Wednesday, October 6, 2010

Mysteries and Conundrums, Indeed: CCC Camp Remnants in Your Neighborhood?

So often, the locations of former CCC camps are lost to history or perhaps known only to a few local residents and historians. Sadly, when the last of the locals pass away, they may likely take with them the last bit of knowledge regarding where the CCC camp stood in their neighborhood. In the future, it will fall to local historians to document this information and the better the documentation, the better the preservation.

While doing a Google blog search for posts related to the Civilian Conservation Corps, I came across the blog Mysteries and Conundrums where there was posted an article entitled A Camp in the Wilderness: CCC Camp MP-4. Please read it; it’s as good a bit of CCC sleuthing as you’re likely to find anywhere on the net. The author provides not only an excellent bit of geo-referencing that includes a comparison of aerial photos from the 1930s and today, but also some fascinating background on the camp and its baseball diamond.

There is a similarly situated CCC camp in the Phoenix area (actually the site of two camps) and, unless you’re a CCC historian, a park ranger or perhaps an avid hiker, you’d likely miss the signs that tell you that a community of up to 400 young workers once lived in the area. The original flagpole base – likely constructed by enrollees from Texas – is still in place, but hidden by native vegetation and likely protected from vandalism as a result.

Which brings us to the potential downside of knowing about and revealing the locations of these old CCC camp sites. How much information is too much information? Fortunately, what little remains of Camp MP-4 is likely protected simply because it rests within the Fredricksburg and Spotsylvania County Battlfields Memorial, and likewise, the Phoenix CCC camp is inside a City of Phoenix Park, but what of the hundreds of CCC camps spread throughout the forests and fields of the United States. Fact is, most will continue to decay in silent anonymity, prey to the odd vandal or treasure hunter digging for artifacts, but mostly giving in to the unstoppable march of time and the ravages of mother nature.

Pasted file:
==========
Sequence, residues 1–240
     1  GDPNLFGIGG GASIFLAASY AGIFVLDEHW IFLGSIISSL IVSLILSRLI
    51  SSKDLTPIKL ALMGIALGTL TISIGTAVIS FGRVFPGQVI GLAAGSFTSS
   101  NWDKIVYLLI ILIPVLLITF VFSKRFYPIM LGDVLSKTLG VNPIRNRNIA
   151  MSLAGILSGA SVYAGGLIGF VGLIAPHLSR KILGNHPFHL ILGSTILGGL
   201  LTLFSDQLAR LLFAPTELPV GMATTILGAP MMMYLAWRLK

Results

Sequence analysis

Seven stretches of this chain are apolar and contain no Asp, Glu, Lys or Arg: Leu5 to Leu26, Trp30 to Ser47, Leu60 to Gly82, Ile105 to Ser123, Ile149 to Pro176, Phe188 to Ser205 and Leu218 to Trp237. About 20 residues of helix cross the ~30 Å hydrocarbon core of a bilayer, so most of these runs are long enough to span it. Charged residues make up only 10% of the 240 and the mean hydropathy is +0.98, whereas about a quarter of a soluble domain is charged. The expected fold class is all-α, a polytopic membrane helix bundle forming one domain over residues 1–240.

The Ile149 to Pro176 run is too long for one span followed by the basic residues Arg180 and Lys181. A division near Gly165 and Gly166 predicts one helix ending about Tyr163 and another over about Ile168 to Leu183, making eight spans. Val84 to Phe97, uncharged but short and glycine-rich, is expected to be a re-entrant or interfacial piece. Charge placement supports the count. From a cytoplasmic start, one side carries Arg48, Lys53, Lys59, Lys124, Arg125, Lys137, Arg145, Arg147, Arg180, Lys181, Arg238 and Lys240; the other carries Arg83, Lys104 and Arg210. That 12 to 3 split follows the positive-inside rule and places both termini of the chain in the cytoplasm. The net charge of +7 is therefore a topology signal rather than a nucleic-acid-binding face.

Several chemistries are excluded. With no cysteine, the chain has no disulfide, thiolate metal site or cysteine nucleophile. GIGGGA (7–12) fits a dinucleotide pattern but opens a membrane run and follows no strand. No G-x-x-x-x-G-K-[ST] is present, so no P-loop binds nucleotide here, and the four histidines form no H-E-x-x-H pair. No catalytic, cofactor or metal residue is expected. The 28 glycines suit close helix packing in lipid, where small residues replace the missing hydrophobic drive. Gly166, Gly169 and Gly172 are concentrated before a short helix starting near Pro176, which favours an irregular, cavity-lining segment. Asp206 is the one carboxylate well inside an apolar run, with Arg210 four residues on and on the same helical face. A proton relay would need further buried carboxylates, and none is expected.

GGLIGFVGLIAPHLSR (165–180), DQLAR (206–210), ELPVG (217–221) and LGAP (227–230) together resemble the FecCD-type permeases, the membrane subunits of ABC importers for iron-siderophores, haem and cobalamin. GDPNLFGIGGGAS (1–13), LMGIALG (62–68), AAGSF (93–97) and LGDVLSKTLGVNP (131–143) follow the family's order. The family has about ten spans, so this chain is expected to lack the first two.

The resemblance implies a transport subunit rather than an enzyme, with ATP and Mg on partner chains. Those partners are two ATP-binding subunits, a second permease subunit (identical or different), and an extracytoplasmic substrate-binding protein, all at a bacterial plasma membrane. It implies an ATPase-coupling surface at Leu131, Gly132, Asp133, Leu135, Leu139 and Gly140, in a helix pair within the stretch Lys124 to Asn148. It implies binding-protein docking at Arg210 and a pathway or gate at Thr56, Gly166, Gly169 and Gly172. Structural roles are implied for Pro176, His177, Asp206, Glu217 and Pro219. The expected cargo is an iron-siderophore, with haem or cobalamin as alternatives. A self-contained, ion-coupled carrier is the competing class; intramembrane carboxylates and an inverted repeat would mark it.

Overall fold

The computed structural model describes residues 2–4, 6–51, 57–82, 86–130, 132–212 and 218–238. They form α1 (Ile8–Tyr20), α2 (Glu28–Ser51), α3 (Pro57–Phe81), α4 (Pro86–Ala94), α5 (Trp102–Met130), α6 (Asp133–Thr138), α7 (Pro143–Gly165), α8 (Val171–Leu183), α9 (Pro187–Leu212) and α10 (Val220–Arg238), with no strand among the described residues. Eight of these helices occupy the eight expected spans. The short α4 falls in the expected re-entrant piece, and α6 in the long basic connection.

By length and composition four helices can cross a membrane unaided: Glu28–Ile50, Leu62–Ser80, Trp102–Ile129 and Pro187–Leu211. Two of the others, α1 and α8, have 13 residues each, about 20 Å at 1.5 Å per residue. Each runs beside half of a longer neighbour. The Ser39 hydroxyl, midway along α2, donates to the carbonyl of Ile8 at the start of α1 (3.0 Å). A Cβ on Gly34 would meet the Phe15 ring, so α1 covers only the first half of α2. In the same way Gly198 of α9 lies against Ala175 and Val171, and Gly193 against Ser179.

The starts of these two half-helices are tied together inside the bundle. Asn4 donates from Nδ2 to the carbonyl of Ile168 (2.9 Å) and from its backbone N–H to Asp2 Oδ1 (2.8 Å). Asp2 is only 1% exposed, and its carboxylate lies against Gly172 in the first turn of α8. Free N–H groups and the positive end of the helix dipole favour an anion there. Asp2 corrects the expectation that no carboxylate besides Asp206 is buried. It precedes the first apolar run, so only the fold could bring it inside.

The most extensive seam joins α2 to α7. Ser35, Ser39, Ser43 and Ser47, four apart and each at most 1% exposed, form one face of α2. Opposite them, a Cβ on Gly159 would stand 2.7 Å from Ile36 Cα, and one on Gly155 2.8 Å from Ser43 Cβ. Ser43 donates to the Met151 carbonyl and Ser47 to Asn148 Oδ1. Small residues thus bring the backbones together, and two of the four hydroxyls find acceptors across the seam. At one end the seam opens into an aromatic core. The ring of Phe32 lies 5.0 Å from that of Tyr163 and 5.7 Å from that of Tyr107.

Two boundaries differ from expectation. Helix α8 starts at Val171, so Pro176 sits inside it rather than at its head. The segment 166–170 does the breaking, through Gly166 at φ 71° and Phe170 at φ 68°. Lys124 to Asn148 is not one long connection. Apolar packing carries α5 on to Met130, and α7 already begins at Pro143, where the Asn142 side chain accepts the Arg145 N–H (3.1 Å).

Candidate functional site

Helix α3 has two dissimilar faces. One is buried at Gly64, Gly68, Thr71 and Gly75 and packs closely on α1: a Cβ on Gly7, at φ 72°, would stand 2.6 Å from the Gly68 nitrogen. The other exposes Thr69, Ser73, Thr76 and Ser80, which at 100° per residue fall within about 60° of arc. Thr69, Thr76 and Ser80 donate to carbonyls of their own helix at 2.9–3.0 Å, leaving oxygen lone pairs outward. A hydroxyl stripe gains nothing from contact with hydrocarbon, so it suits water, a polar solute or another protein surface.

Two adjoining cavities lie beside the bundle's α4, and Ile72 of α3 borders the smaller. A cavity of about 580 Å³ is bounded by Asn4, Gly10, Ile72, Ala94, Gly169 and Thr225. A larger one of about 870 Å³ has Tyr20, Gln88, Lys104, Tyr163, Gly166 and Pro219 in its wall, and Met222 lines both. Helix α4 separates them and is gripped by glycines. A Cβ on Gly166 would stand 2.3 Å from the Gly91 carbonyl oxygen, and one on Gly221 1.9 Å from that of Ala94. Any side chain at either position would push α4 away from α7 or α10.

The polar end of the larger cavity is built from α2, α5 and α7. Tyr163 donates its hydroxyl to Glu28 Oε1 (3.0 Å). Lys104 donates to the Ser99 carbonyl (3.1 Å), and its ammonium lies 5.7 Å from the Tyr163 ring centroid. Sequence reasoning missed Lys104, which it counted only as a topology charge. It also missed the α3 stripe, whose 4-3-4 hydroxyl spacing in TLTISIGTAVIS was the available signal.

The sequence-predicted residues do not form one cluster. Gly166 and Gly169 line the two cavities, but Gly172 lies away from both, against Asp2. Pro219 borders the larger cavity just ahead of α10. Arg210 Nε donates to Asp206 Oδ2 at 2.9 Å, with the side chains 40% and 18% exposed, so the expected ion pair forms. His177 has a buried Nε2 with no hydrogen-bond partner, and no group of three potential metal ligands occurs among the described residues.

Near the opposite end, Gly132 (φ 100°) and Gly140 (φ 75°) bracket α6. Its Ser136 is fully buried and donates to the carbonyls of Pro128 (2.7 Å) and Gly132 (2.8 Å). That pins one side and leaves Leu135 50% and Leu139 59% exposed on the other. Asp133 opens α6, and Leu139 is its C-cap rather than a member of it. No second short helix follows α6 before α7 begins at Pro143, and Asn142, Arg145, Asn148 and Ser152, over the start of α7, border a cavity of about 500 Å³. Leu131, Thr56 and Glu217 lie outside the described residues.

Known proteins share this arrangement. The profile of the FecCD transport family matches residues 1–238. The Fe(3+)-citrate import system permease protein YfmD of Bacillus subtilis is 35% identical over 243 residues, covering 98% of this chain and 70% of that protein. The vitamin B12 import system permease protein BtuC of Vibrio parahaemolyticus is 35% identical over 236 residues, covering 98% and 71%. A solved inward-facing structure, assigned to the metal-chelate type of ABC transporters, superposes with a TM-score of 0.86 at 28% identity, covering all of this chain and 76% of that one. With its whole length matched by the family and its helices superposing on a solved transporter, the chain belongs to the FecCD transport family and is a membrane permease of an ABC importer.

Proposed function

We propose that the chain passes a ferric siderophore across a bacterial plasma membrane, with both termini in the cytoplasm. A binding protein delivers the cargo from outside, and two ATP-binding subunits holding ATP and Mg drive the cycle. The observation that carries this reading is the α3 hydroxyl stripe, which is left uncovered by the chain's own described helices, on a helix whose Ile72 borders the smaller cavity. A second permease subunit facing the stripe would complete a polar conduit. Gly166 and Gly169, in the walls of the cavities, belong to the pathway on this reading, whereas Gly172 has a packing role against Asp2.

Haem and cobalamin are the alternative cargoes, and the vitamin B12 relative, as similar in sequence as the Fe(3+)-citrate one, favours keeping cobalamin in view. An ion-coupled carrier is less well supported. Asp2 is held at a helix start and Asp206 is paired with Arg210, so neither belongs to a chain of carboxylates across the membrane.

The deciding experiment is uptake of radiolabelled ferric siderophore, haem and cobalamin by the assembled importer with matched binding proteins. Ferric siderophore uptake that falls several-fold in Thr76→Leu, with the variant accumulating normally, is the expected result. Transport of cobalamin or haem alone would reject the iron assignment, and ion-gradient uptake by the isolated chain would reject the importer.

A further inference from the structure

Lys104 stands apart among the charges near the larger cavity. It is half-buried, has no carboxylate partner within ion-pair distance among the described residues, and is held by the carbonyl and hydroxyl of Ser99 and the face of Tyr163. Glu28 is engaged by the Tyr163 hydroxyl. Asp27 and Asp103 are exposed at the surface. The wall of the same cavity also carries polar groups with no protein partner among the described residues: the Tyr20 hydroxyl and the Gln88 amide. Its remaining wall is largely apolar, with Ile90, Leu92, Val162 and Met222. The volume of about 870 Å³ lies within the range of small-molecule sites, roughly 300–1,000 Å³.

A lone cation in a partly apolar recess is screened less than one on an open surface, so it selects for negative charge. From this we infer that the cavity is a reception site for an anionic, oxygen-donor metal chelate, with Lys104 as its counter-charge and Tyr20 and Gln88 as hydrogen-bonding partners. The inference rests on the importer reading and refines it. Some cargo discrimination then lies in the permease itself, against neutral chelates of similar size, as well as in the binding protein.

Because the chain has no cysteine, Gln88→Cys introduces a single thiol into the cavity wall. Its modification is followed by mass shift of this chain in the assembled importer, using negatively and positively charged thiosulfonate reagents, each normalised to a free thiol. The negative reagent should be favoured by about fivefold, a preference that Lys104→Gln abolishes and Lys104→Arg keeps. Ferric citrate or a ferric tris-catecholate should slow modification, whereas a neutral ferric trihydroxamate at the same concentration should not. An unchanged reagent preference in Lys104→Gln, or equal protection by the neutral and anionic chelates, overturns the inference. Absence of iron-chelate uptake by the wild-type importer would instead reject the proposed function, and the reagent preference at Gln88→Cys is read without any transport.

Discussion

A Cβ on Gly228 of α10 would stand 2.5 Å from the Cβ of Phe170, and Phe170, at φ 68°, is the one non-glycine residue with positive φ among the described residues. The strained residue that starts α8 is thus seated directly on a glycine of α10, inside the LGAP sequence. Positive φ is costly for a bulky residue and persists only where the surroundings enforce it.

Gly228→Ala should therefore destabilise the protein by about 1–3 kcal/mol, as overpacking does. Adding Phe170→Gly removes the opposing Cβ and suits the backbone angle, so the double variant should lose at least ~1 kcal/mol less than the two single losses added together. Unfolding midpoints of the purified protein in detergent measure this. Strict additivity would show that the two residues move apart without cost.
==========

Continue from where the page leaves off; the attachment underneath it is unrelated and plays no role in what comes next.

All of which, leads me to another interesting topic: the work of the CCC at Civil War battlefield sites. Perhaps a post for next time.

Meantime, some snapshots of CCC camp remnants that I’ve visited….
Two views of what is left of Camp Custer in South Dakota...

A shot of the old dynamite bunker at the CCC camp site in Cumberland Falls near Corbin, Kentucky.....

Two stone pillars are almost all that remain of the two CCC camps that once operated at Phoenix South Mountain Park, but if you look closely when you're there, you might find the old flagpole stand, too!

It's anyone's guess what this concrete structure was used for at the old Lynx Creek CCC camp near Prescott, Arizona.

This is the floor of the old latrine and shower building at the former site of the Walnut Creek CCC camp, also near Prescott, Arizona.There are a number of remains at the site of the Schultz Pass CCC camp outside Flagstaff, Arizona. Look carefully and you'll see porcelain insulators and wires strung in the trees....
...and the concrete floors of a number of buildings including what was probably the mess hall and the officer's quarters.

But perhaps the neatest CCC camp remnant in Arizona is this "monument" built by CCC enrollees at the Indian Gardens camp near Payson, Arizona....

It's easily accessible, without so much as a five step walk off a major road, but it's only there for those who truly want to see it. If you whiz by at 50 miles per hour, you'll miss it.

1 comment:

Matthew Drain said...

I've just begun work on researching CCC camp SP8 in Rutledge, GA. It was located in what is now Hard Labor Creek State Park.
On a recent visit to the Park I asked the Ranger if there was any evidence of the CCC in the park. He answered that there is a small picnic shelter and an unused latrine. I thanked him and asked for directions to the sites. Then he said, "oh by the way, there's the camp itself near the boat ramp." WHAT? You have an existing camp? "Oh yeah, but we haven't cut the grass in a while so look out for snakes."
What a find! I have pictures of the remaining buildings and one that has collapsed. Additional research is needed and is in process. I wonder if this site could be made into a state historical site.
Any ideaas from you, Michael?

Buffalo Crossing Camp, Eastern Arizona

Buffalo Crossing Camp, Eastern Arizona